A few hours go by, and I get a phone call that I recognize as being from the hospital my doctor practices out of. I answer.

Receptionist: “Hello, this is [Major Oncology Office] calling for [My Name]?”

I feel numb. I hadn’t expected a referral to an oncology — cancer — clinic. 

Me: “That’s me.”

Receptionist: “We got a referral for you to come in and meet with [Doctor #2]. We can fit you in [lists several times two weeks out].”

I pick the best time, hang up, and remind myself that nothing is certain at this point.

I’m naturally a very (overly) emotional person and decide I need someone to talk me down. I go to my mother, who has absolutely zero patience for anyone being sick other than herself. You could be bleeding out of your eyes and ears and she’d lecture you on why it was neither a big deal nor worse than anything she had to deal with. I figure she’ll slap some sense into me.

When I go to her house, I sit her down, and tell her what’s been going on the past few weeks and about my upcoming appointment with an oncologist. The color drains from her face and she very uncharacteristically hugs me. She spends the next half-hour listing off all the relatives — whom I never knew about — who died of cancer at about my age. Needless to say, I am far from comforted.

Two weeks go by, and I meet with my oncologist. He turns out NOT to be an oncologist, but rather a hematologist — a blood doctor. He looks over my referral paperwork and then asks me why I’m there. I explain the problems with my iron levels and blood tests. He cuts me off.

Hematologist: “It’s actually your hemoglobin levels. Women naturally have lower hemoglobin levels than men do.”

Me: “That’s why women use a different scale than men for measuring ‘normal’ ranges for hemoglobin, and I’m well below normal by any standards. A woman should have levels just above 12 g/dl. I’m regularly measuring in between 8.5-9.5 g/dl.”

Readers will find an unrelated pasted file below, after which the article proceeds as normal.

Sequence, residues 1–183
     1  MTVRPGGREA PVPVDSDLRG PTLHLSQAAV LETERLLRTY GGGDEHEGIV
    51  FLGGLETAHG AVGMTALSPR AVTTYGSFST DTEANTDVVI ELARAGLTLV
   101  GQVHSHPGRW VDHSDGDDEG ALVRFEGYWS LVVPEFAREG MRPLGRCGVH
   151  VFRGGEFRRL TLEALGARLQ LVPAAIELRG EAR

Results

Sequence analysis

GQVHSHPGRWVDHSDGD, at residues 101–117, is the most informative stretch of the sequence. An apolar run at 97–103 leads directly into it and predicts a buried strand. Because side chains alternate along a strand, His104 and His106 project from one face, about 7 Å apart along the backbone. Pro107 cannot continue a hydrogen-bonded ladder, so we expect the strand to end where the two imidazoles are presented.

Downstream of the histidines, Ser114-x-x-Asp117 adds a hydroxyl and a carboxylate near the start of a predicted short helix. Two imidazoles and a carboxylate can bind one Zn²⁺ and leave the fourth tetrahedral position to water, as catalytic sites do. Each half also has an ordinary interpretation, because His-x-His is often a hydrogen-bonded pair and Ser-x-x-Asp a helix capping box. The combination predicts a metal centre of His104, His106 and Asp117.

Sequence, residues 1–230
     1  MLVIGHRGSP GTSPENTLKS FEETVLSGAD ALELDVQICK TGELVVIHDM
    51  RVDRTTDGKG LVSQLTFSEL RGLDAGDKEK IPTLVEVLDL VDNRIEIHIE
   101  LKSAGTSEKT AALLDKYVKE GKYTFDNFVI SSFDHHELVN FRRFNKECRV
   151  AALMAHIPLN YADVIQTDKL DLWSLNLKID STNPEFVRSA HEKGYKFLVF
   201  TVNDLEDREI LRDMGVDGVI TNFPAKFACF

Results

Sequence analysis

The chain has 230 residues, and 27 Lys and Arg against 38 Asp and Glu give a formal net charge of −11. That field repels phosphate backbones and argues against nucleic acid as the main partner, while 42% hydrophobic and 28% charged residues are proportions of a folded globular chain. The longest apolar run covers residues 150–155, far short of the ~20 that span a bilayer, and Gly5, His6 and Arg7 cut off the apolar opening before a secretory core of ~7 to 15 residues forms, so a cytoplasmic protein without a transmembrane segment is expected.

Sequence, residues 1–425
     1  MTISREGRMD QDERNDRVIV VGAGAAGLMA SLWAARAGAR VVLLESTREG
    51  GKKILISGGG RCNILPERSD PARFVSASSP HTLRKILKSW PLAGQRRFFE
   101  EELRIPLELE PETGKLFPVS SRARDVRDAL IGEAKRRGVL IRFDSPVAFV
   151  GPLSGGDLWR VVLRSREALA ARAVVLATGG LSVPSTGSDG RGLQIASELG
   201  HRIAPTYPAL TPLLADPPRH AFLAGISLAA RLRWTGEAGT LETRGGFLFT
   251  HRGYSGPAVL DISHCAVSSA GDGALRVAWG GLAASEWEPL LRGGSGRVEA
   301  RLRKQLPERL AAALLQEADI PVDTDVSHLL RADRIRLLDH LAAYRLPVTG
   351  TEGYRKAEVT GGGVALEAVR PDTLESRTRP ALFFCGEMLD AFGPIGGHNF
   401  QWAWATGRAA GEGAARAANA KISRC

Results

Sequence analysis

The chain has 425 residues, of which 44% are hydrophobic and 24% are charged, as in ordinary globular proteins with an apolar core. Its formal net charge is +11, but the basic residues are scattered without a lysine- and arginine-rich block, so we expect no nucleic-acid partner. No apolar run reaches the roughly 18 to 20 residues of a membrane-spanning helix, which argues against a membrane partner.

I later learn that blood transfusions are recommended when the level gets to 8.0 g/dl.

He attempts to discreetly roll his eyes.

Hematologist: “Women bleed for a week every month. Of course, they’re going to have low hemoglobin levels.”

Me: “But there is absolutely no correlation between my hemoglobin levels and my menstrual cycle, both of which I have been graphing on a calendar on my phone.”

He sends me for another blood panel. When those results come back, he recommends I take a stool test to check for internal bleeding.

When the results from THAT come back, he says it appears that I probably have an upper GI bleed and need to get a colonoscopy and endoscopy done.

Neither reveals anything out of the ordinary.

By now, nearly six months have gone by. I’m tired all the time, I get dizzy very easily, I have very low blood pressure, and I get frequent muscle cramps.

One day, I’m scrolling through Facebook when a pregnant friend mentions that her pregnancy is causing bad acid reflux and asks for advice. I used to have bad acid reflux myself and a stomach ulcer years ago, so I look at the comments to see if anyone has recommended the extremely common proton-pump inhibitor my original general practitioner put me on years ago before leaving the state.

Several people have recommended it, but one comment thread sticks out: a nurse practitioner friend argues against the proton-pump inhibitor, pointing out several studies showing that it blocks the body’s ability to absorb iron and B12.

I do some more digging online and find out that you’re only supposed to take this medication for up to two weeks. My original doctor told me I would need to take it for the rest of my life and had set up recurrent mail delivery as a result.

I immediately get myself a new doctor with a different practice. I don’t mention my suspicions about the proton-pump inhibitor, but I show him all my blood tests and history regarding my hemoglobin levels. He looks at my general patient files listing the medicines I’m on and immediately tells me my problems are all being caused by the proton-pump inhibitor and I should have been taken off it years ago.

Because not one doctor up to this point had bothered looking at what medications I was on — which their nurses updated in my files every time I visited — I spent nearly eight months of my life getting ridiculous, unnecessary procedures and tests at the cost of well over $3,000 and fearing something was deathly wrong with me.

I filed complaints against the hematologist and my original doctor, but I never heard anything back.